Best Intermediate Telescopes 2021 [6 and 8-inch Aperture]

If you are an experienced astronomer – or just unafraid of a challenge – then an intermediate telescope with 6 to 8-inch aperture might be right for you.

Many beginners’ telescopes can be disproportionately expensive as they add features only useful for kids or first-time users. With an intermediate-level telescope, you can get a larger aperture and a more advanced mount to give you a better capacity for astronomical observing and astrophotography.

In this article, we recommend a number of telescopes that fit this bill for different budgets.

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Best Equatorial
Orion 9827 AstroView 6 Equatorial Reflector Telescope
Best Tabletop
Orion 27191 StarBlast 6i IntelliScope Reflector Telescope
Best 6-inch GOTO
Celestron NexStar Evolution Telescope
Best Dobsonian
Sky-Watcher Flextube 200 Dobsonian 8-inch Collapsible Large Aperture Telescope – Portable, Easy to Use, Perfect for Beginners
Best 8-inch GOTO
Meade Instruments 0810-90-03 LX90-ACF 8-Inch (f/10) Advanced Coma-Free Telescope
Make & model
Orion Astroview 6
Orion StarBlast 6i
Celestron NexStar Evolution 6
Sky-Watcher 8" Collapsible Dobsonian
Meade Instrument LX90 ACF 8-Inch
Type
Equatorial Reflector
Tabletop Dobsonian
Catadioptric (Schmidt-Cassegrain)
Dobsonian Reflector
Catadioptric
Computerized
Aperture
150 mm (6-inch)
150 mm (6-inch)
150 mm (6-inch)
203 mm (8-inch)
203 mm (8-inch)
Weight
37 lb (16.7 kg)
25 lb (11 kg)
38 lbs (17 kg)
55 lb (25 kg)
47 lb (21 kg)
Best Equatorial
Orion 9827 AstroView 6 Equatorial Reflector Telescope
Make & model
Orion Astroview 6
Type
Equatorial Reflector
Computerized
Aperture
150 mm (6-inch)
Weight
37 lb (16.7 kg)
Check price & availability
Best Tabletop
Orion 27191 StarBlast 6i IntelliScope Reflector Telescope
Make & model
Orion StarBlast 6i
Type
Tabletop Dobsonian
Computerized
Aperture
150 mm (6-inch)
Weight
25 lb (11 kg)
Check price & availability
Best 6-inch GOTO
Celestron NexStar Evolution Telescope
Make & model
Celestron NexStar Evolution 6
Type
Catadioptric (Schmidt-Cassegrain)
Computerized
Aperture
150 mm (6-inch)
Weight
38 lbs (17 kg)
Check price & availability
Best Dobsonian
Sky-Watcher Flextube 200 Dobsonian 8-inch Collapsible Large Aperture Telescope – Portable, Easy to Use, Perfect for Beginners
Make & model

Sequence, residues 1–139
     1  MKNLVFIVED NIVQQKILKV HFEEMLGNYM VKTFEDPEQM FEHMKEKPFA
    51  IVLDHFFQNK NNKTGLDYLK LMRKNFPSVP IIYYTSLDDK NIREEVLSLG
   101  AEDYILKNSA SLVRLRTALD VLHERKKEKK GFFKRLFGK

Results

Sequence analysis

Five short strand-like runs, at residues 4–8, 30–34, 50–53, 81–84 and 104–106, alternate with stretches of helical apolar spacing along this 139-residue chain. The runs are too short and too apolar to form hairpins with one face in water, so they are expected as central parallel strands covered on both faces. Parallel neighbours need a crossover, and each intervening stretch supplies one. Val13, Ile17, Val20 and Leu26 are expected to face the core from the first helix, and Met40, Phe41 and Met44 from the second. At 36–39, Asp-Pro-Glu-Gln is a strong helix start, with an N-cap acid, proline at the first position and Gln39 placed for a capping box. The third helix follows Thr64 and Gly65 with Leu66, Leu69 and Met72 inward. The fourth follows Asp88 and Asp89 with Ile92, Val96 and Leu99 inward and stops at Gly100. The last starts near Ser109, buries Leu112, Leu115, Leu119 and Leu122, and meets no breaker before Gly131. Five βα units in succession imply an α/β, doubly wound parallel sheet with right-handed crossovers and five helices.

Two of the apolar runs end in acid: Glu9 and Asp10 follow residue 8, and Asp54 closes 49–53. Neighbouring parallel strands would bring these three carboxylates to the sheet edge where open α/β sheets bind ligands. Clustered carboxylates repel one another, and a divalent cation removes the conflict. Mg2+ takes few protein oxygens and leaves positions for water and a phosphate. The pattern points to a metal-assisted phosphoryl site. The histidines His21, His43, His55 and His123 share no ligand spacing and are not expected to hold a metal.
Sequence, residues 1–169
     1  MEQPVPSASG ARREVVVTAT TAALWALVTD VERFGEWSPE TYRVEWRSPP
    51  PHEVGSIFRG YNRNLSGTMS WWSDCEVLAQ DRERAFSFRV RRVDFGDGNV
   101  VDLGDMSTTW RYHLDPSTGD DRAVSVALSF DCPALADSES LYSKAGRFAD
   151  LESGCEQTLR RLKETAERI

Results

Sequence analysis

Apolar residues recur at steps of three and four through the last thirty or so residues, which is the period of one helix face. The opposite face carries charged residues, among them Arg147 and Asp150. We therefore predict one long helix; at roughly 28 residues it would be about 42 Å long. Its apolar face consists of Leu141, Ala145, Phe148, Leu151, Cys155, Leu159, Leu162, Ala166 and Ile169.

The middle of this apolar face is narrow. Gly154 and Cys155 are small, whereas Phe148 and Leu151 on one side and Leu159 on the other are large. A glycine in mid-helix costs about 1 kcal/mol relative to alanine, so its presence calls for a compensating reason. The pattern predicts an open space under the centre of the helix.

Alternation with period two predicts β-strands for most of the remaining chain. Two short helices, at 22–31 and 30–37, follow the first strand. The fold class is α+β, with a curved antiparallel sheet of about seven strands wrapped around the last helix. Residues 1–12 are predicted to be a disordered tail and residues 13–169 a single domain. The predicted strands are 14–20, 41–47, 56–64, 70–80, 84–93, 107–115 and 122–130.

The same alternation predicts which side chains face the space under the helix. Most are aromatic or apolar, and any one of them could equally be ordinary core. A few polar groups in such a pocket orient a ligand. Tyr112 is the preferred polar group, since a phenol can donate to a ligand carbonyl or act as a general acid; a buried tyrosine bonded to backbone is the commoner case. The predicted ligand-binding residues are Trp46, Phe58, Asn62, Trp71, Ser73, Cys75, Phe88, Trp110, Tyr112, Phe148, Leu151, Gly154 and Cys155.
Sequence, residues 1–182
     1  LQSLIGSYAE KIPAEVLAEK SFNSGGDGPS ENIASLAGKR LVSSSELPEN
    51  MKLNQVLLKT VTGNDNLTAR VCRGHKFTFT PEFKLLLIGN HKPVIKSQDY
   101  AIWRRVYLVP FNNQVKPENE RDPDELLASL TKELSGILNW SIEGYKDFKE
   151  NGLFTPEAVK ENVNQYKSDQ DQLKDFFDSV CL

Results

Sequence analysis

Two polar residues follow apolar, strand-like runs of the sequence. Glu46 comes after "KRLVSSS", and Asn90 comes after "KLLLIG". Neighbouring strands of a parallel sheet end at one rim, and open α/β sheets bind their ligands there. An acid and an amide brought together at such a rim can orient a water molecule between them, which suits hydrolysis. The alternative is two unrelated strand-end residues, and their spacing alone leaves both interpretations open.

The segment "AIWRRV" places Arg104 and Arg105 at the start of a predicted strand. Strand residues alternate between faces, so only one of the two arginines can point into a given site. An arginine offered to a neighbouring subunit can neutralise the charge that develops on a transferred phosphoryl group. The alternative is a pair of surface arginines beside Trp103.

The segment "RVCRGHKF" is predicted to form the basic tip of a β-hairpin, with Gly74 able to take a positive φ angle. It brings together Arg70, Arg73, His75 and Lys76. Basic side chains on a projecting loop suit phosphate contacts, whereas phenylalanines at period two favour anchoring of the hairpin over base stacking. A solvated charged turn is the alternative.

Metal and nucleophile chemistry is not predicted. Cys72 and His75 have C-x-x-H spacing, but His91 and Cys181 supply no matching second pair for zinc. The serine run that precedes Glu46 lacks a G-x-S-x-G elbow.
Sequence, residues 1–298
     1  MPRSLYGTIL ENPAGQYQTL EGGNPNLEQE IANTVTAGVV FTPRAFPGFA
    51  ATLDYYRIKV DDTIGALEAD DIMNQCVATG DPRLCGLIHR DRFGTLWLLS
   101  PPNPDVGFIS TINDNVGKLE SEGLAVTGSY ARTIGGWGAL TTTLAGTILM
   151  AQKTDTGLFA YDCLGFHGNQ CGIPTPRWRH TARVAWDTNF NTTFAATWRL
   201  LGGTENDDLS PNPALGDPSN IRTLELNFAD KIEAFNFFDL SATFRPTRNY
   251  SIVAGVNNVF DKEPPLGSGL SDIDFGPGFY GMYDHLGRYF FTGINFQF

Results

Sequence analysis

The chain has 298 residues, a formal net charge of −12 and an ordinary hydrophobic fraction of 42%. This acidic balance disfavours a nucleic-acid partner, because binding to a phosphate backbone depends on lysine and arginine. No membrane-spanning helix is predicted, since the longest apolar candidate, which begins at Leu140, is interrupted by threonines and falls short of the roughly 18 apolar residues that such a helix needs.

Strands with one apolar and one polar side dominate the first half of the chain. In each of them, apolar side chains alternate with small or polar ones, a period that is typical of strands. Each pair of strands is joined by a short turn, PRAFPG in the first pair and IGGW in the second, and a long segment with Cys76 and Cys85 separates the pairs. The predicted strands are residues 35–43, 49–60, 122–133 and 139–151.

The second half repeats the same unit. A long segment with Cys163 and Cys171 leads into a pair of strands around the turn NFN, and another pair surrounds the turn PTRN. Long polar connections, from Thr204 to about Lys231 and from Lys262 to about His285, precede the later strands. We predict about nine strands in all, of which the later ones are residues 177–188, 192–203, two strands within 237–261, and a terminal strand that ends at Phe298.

Sky-Watcher 8" Collapsible Dobsonian
Type
Dobsonian Reflector
Computerized
Aperture
203 mm (8-inch)
Weight
55 lb (25 kg)
Check price & availability
Best 8-inch GOTO
Meade Instruments 0810-90-03 LX90-ACF 8-Inch (f/10) Advanced Coma-Free Telescope
Make & model
Meade Instrument LX90 ACF 8-Inch
Type
Catadioptric
Computerized
Aperture
203 mm (8-inch)
Weight
47 lb (21 kg)
Check price & availability

Last update on 2021-12-01 / Affiliate links / Images from Amazon Product Advertising API


Best Intermediate Telescopes

Orion AstroView 6

Best Budget 6-inch Telescope

Orion 9827 AstroView 6 Equatorial Reflector Telescope

This AstroView telescope from Orion is a 6-inch aperture reflector with an equatorial mount.

The 6-inch aperture tube will act as a light bucket to give you great views of the moon, planets and deep-sky objects.

The equatorial mount is harder to operate than those others on this list, but is better for astrophotography once you’ve got the hang of it (because it can track objects in any direction, rather than just up-down, left-right like an alt-azimuth mount).

Pros

  • Cheap – great value for 6-inch aperture
  • The fast focal ratio and equatorial mount are great for astrophotography

Cons

  • No GOTO – you’ll have to find objects to view yourself
  • The equatorial mount is less suited to astronomical observing
  • It is a large and heavy piece of equipment once put together – make sure you’ve got the space at home to use and store it

This is a relative bargain in terms of price-to-power but is fairly large and heavy and the equatorial mount will take some getting used to.

Key specifications

  • Type: Reflector
  • Aperture: 150 mm (6-inch)
  • Focal Length: 750 mm (29-inch)
  • Focal Ratio: F/5
  • Weight: 37 lb (16.7 kg)
  • Mount: (Manual) Equatorial